'High on meth' driver of Texas tractor-trailer that killed 53 immigrants faces DEATH PENALTY

Authorities said they found Zamorano, 45, 'very high on meth' and posing as one of the survivors of the tragedy that claimed 53 lives

'High on meth' driver of Texas tractor-trailer that killed 53 immigrants faces DEATH PENALTY
Homero Zamorano, 45, was found 'very high on meth' and posing as one of the survivors after the tragedy that claimed 53 lives (DOJ)
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Homero Zamorano Jr, the truck driver who smuggled nearly 100 immigrants across the southern border and later left them to die in the sweltering Texas heat, could be sentenced to death if convicted.

Authorities said they found Zamorano, 45, "very high on meth" and posing as one of the survivors after the tragedy that claimed 53 lives. The semi-truck driver was charged with one count of alien smuggling resulting in death, according to the Western District of Texas US Attorney's Office. Others facing conviction include Christian Martinez, 28, who will also face the death penalty after being charged with conspiracy. He allegedly communicated with Zamorano about transporting the illegal immigrants. Meanwhile, alleged accomplices Juan Claudio D'Luna-Mendez, 23, and Juan Francisco D'Luna-Bilbao, 48, were charged with possession of a weapon by an alien illegally on US soil.

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While Martinez was arrested in East Texas, the other two men were found at a San Antonio address where the truck was registered. The four men remained in custody as investigators continued to probe the deadliest smuggling episode on the southern border to date. The death toll from the tragedy is also slowly climbing as two more people died on Wednesday, June 29, since the discovery of the first dead bodies on Monday, June 27, near an auto salvage yard in San Antonio. Police were checking to see if the truck had mechanical problems when it was abandoned, the Daily Mail reported.

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According to Francisco Garduño, chief of Mexico's National Immigration Institute, the fatalities included 27 from Mexico, 14 from Honduras, 7 from Guatemala, and 2 from El Salvador. The Bexar County Medical Examiner's Office said officials had potential identifications on 37 of the victims as of Wednesday, pending verification with authorities from their respective countries. At least 40 of the victims were male. That said, investigators faced a tough time identifying the dead considering some were found with forged identification documents and a stolen ID in one case. Furthermore, some of the aliens came from remote parts of Mexico and Central America, which have no phone service to reach family members. Authorities are also seeking fingerprint data from the various governments involved.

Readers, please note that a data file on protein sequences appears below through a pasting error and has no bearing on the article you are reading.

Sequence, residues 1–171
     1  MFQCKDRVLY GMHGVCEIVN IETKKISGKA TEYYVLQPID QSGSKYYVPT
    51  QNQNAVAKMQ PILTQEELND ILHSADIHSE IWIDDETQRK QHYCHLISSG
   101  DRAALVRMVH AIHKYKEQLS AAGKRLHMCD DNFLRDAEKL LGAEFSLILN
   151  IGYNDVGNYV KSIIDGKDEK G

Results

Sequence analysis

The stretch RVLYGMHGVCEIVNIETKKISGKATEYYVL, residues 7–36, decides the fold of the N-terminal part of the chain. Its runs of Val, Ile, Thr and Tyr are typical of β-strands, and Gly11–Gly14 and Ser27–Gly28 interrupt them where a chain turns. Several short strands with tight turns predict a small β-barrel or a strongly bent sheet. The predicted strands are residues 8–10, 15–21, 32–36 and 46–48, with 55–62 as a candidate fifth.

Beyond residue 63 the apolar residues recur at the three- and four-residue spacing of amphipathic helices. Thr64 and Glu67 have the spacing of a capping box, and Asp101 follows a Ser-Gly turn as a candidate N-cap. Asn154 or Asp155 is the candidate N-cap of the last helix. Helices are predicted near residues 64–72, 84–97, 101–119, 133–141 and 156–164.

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Officials noted how temperatures in San Antonio approached 100 degrees Fahrenheit on Monday, and many who were rushed to the hospital were hot to the touch and severely dehydrated. Speaking to the Associated Press, Jennifer Vanos, an assistant professor at Arizona State University who has researched hot vehicle deaths, said it wouldn't have taken long for the temperature inside the semi to reach deadly levels. She explained that the tractor-trailer was possibly hot even before anyone got inside due to the high humidity, lack of ventilation, and the sheer number of people stuffed inside.

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According to the US Attorney's Office in San Antonio, the driver Zamorano lives in suburban Houston and is originally from the Texas border city of Brownsville. Speaking to the New York Post, his estranged wife Jennifer Duncan said Zamorano "is a good man" despite his lengthy criminal history. She continued, "I'm in shock, I mean, I just don't even know what to say about it. I know he wouldn't do anything if he knew it was gonna harm anybody." The Post reported that Duncan and Zamorano split six months ago. "He goes out of his way to help anybody and everybody," she added of her ex. Zamorano is slated to have his first court appearance on Thursday, June 30.

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